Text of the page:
Alphabetic Guide to Child Care - Punishment


Severe physical punishment should be avoided. Ideally, punishment should be carried out because it has an instructional value for the child rather than because it helps a parent relieve his or her feelings of anger or frustration. Severe physical punishments—for example, the use of sticks, belts, or hard blows to the body—are extremely frightening and may even be permanently injurious to the child. They are also illegal actions, constituting child abuse. Frequently, this kind of discipline can evoke even further anger on the part of the child and lead to further misbehavior.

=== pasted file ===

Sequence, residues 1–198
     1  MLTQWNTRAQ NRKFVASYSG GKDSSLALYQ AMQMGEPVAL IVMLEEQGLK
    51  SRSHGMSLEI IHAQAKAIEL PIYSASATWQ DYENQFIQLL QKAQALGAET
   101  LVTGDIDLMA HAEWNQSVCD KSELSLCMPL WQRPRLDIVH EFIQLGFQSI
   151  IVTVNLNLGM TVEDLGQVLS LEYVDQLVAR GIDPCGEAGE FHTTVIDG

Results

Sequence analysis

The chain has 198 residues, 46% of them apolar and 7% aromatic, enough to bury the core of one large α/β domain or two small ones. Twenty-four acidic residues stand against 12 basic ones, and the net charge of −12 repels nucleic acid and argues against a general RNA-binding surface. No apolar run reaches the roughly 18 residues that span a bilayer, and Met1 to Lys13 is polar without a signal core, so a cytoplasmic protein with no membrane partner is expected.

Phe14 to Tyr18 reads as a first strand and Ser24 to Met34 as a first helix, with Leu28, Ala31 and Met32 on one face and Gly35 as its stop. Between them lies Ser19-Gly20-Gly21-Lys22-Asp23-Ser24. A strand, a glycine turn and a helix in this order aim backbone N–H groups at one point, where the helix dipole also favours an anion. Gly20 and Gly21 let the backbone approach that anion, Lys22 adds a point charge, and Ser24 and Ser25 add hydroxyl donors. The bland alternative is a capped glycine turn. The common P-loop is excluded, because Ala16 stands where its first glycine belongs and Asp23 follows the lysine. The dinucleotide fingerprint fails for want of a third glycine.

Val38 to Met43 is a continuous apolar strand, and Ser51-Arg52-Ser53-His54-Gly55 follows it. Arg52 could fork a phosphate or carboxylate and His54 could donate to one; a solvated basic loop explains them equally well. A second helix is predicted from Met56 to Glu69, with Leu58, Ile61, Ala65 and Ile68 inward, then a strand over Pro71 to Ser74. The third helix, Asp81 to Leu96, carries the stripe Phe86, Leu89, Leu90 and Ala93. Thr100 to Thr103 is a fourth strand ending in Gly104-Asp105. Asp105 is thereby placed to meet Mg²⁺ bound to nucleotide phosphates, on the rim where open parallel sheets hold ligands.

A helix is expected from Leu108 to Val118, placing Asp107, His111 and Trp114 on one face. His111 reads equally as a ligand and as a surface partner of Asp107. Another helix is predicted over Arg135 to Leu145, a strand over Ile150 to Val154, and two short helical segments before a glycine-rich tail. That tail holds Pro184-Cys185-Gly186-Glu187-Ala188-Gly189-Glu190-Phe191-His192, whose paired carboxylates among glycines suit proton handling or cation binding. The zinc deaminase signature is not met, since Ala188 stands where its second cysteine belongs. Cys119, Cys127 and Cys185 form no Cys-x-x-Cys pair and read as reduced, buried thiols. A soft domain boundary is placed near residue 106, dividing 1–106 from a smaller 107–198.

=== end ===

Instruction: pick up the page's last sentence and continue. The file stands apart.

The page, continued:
Punishments should not be long and drawn out, but should be as immediate as possible and last only a reasonable length of time. For example, withdrawal of television privileges for a month for a seven-year-old's misbehavior would be excessively long, because at the end of the month it would be difficult for her to remember what she had done that was wrong. Excessively long punishments are also difficult to enforce. If possible, a punishment should be related to the misbehavior for which the child is receiving the punishment.


Punishment “when father gets home” or a day later frequently has little meaning for the child and is unlikely to help her stop misbehaving. Rewards for good behavior should also be immediate; affection and approval for most children are often more powerful rewards than candy and money.

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